By Kim Dean
Mastering the negotiation process is an ongoing challenge for sales professionals. Is the negotiation process different from the sales process? Yes, selling is the act of providing value through goods, services, and information/insights to address a customer’s challenges and/or opportunities. Negotiating is the interaction that determines the terms of the transaction.
Essentially, selling creates value; negotiating gets paid for that value.
What are the obstacles that impede negotiation?
Start with a Strong Platform
In an ideal world, negotiation terms are fair and fruitful – and all parties emerge satisfied with the terms
Too often, though, the sales professional assumes the customer’s concerns and positions without truly exploring what the customer is thinking and trying to accomplish. Salespeople must remain open and listen to the initial feedback regarding the opening offer.To end well, the negotiation must begin on a positive note….creating value. A salesperson must have established that value and have aligned it to the needs of the customer.
How can both parties interests be served?
Avoid Playing Defense
A common tactical error is to begin the process in a responsive mode, waiting for a pricing challenge and then trying to justify value. This is playing defense. Instead, start strong with the opening terms and the rationale for those terms. Start from a position of strength.
If you open with a justified price and terms based on what you bring to the transaction, all changes should be a give and take. That is true trading. Concessions, on the other hand, are one-way gives and should be the path of last resort.
Andrea Moses put it well when she said, “When your customer says that your price is too high, he means that he does not appreciate the value of your product.” Make sure both sides are speaking the same language about the product before coming to any agreements.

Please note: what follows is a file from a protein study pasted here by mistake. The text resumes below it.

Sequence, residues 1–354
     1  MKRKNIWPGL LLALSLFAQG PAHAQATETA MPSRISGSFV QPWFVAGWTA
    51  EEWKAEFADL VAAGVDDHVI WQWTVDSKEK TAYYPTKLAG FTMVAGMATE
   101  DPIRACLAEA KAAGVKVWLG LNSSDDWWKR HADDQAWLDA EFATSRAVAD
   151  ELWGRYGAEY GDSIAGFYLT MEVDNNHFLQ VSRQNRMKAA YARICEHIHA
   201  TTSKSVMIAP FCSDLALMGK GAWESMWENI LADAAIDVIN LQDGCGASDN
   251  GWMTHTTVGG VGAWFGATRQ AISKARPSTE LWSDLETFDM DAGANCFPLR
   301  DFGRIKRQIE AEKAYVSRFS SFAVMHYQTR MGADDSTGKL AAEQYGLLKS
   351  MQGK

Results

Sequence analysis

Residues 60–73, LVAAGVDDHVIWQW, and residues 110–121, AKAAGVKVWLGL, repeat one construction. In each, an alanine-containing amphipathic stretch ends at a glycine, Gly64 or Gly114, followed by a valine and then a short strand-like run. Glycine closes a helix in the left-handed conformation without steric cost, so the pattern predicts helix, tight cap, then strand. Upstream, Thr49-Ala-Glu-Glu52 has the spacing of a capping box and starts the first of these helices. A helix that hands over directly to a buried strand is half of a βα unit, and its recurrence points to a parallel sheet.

Closing a deal for the sake of closing is not smart negotiating. It leads to difficulty in implementing the solution – as there is no meaningful basis for the terms. No deal is a legitimate close to a situation where the parties do not agree on value. Sometimes, the first step in achieving win-win negotiations is reaching a diplomatic – yet not consummated – close.
Some sales professionals choose to hedge their bets at the negotiating table, opting to keep something hidden as a form of insurance policy should negotiations go south. However, if your goal is to build trust and long-term business relationships, then the phrase “negotiating in good faith” must become a personal objective.
Professional credibility is earned, not purchased, and the easiest way to forfeit all hope of establishing credibility is to not play it straight. Negotiating can be done fairly and firmly without compromising one’s integrity, and will pay dividends with business partners who share a like-minded approach.
Prioritize Your Desired Outcomes
Not all terms are equal in value to both parties. The best trade is giving something of value to your customer that is not as costly as other options. Some trades are fixed costs to your organization and can be of great worth to the customer.
A large portion of successful negotiating can be attributed to deftly prioritizing one’s desired outcomes. While not everything on a given priority list may be attained in a negotiating session, working toward achieving the most important results should be the goal. Similarly, it is important for one side to recognize the opposition’s priorities to maintain fluidity and balance in negotiations.
If you realize both parties enter a negotiation with different and sometimes competing interests, a potential win-win can be found. Figure out quickly – before starting to trade – what their top priorities are versus their opening positions. Discuss openly so negotiating partners know the order of importance and are willing to dispense with secondary requests to reach a mutually acceptable position.
Everyone wants to emerge victorious from a negotiating session. Know what would truly constitute victory for your company. Realistically, this does not mean getting everything you propose. Long-term victories require both parties to win what they really need.
At Richardson, we help sales professionals master win-win negotiations and achieve great results for both sides of the conversation. Learn more about Richardson’s negotiation training program or follow us on Twitter.